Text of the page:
The anchorages on Naxos:
At Ayios Annas you’ll find a small collection of hotels and tavernas – it’s more of a resort than a village, really. It’s located at the southern end of Ormos Ay. Prokopion, and provides a tranquil alternative to the bustle of the nearby Naxos marina.
Ay. Annas provides reasonable shelter from the Meltemi. Anchor 4m-6m from the beach, on the sand, or go stern (or brow) at the outer end of the small pier. There’s also a sunken chain linked to the mole, but the berths along it are often taken up by the local resorts and day-trippers.
Water and electricity are available. There’s a mini-market within walking distance. Be aware that out of season, facilities will be limited.
Ay. Annas Beach
While it’s not the most spectacular beach on Naxos, Ay. Annas does have good facilities and is certainly family-friendly. You can rent sunbeds and umbrellas here, and the water is crystal clear, perfect for swimming and snorkelling. It’s really a continuation of Ormos Prokopion Beach, so if you love the sensation of wet sand between your toes, it’s perfect for a long stroll.
Rich golden sands, limpid waters, safe for swimming. The middle section of the beach is usually the quietest, but you’re most likely to find nudist or semi-nudist sunbathers here.
There are plenty of sunbeds and umbrellas for rent: the average price is around 10 euros for 2 people. Even during peak season, the beach doesn’t usually get busy before 11am, so for an early morning stroll or swim, it’s perfection.
As the Roman poet Catullus so beautifully put it, when he described Ariadne, standing on the shore, mourning the departure of her lover Theseus: ‘Here are the never silent sands of Naxos’ Was she gazing out to sea from Maragas beach? We’ll never know.
What we do know, however, is that this spectacular 4km stretch of sand is one of the best beaches in all of Greece. With clear turquoise waters, super cold even on the hottest of days, this place is unforgettable. So for those who want a longer walk down from Ay. Annas, or an early morning run, it’s worth heading down south to this magical place.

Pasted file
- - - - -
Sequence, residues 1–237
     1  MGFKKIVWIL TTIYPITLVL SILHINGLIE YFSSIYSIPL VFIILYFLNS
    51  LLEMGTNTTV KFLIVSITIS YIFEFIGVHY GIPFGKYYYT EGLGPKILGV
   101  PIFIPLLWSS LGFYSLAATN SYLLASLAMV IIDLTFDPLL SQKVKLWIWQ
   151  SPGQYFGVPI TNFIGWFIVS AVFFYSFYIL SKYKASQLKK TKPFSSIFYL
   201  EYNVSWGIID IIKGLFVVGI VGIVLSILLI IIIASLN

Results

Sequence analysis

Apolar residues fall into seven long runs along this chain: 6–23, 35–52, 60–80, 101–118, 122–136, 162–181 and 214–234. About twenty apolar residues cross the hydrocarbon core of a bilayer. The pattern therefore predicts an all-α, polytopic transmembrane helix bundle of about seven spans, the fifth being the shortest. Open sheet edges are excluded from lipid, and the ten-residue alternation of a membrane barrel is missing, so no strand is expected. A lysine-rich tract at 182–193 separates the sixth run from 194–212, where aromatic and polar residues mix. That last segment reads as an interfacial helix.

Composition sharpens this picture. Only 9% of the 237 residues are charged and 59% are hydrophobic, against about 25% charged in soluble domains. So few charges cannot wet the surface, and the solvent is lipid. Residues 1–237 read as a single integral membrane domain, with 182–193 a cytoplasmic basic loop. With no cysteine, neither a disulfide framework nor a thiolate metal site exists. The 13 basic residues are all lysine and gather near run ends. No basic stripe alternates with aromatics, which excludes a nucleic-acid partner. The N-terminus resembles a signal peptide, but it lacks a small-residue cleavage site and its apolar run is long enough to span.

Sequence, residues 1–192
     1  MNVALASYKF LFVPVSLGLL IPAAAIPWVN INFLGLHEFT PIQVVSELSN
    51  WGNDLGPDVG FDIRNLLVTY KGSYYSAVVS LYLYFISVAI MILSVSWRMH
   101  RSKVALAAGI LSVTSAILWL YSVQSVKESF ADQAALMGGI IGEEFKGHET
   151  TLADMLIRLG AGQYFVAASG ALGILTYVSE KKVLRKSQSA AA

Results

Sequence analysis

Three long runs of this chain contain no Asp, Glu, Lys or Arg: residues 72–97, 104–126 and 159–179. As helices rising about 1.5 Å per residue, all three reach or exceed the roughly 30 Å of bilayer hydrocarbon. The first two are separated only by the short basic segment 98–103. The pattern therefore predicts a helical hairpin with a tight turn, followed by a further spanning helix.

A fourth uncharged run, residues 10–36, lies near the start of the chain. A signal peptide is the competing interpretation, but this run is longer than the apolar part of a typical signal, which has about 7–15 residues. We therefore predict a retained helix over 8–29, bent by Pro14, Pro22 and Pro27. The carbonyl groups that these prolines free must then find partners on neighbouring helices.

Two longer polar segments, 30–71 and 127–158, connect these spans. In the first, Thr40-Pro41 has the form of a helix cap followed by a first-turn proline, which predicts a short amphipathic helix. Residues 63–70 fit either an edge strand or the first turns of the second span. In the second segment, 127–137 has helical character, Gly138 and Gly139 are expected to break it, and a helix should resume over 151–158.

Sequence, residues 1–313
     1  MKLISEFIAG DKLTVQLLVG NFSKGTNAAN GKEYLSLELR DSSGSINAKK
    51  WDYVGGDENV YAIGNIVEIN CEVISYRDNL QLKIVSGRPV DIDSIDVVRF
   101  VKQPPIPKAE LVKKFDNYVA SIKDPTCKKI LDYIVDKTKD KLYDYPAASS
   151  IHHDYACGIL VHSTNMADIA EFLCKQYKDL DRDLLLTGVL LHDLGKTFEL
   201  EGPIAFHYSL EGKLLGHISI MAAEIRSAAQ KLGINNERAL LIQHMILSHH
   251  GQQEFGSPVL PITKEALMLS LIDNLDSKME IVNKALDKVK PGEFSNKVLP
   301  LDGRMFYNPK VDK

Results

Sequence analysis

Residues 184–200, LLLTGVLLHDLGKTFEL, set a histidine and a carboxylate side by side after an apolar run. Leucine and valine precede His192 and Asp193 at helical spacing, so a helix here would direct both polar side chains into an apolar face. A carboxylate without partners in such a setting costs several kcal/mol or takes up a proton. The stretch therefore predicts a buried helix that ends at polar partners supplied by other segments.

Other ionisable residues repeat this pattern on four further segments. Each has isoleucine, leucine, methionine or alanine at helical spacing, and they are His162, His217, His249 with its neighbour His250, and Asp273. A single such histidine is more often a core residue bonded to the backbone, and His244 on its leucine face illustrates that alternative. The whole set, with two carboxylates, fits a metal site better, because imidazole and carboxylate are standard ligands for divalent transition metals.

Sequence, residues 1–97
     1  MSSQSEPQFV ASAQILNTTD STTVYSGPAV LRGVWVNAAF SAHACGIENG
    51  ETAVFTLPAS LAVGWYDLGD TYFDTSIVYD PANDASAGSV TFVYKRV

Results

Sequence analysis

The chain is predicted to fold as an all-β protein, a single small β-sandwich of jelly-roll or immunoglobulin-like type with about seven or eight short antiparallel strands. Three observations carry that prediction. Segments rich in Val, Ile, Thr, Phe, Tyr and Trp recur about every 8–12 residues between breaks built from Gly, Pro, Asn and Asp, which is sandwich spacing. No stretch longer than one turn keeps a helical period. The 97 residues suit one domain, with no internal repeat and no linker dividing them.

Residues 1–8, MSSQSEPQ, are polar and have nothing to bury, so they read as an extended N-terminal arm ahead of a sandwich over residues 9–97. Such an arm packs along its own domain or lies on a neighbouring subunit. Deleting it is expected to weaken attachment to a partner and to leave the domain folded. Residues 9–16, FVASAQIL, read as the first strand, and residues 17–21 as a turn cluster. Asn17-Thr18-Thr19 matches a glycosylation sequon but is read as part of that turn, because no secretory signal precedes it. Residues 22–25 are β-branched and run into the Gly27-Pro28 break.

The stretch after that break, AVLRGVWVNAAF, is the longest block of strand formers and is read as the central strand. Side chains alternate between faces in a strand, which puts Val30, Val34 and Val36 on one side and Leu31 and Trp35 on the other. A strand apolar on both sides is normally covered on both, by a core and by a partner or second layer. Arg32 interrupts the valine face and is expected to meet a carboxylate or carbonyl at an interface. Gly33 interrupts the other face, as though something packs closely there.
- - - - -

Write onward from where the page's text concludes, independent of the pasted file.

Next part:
Places of Interest
Chapel of Ay. Annas
The charming chapel of Agia Anna is located on the nearby hillside overlooking the bay. It’s well worth the climb for the stunning views.
Temple of Dionysus
It’s about a 40-minute walk through the lush fields, more or less, but a visit to the excavated ruins of the Temple of Dionysus, god of wine, fertility, and the arts. Dionysus was credited with a split personality – he could bring joy and divine ecstasy, or fearful rages, reflecting the dual nature of wine.
Places to Eat
Only 200m from the beach, this small family-run taverna is famous for serving fresh fish and locally caught octopus. For something special, try their scorpionfish! Reasonable priced, and with a reputation for relaxed yet friendly service. They offer vegetarian and gluten-free options
Right on the beach, so it’s the perfect place to enjoy a couple of glasses of ouzo or house white while the sun goes down. Great selection of mouthwatering local specialities, all prepared in-house of course: marinated white anchovies as a starter, perhaps, followed by jumbo shrimp souvlaki, sardines, taramosalata, fresh fish salad, grilled fresh fish, everything freshly caught and delicious!
Greek Taverna Gianoullis
This is a highly rated taverna, on the way to Prokopion, which is famous for its warm family welcome and amazing atmosphere. Here, you’ll never complain about the portions being too small. When you go, leave room for some of their handmade sweets when it’s time for dessert. For a taste of true Naxos hospitality, this is a place you won’t want to miss!
Santana Beach Bar
With friendly laid back service, reasonable prices, and great snacks, you’ll be tempted to just let the hours pass by, savoring the laid-back lifestyle that Naxos has to offer.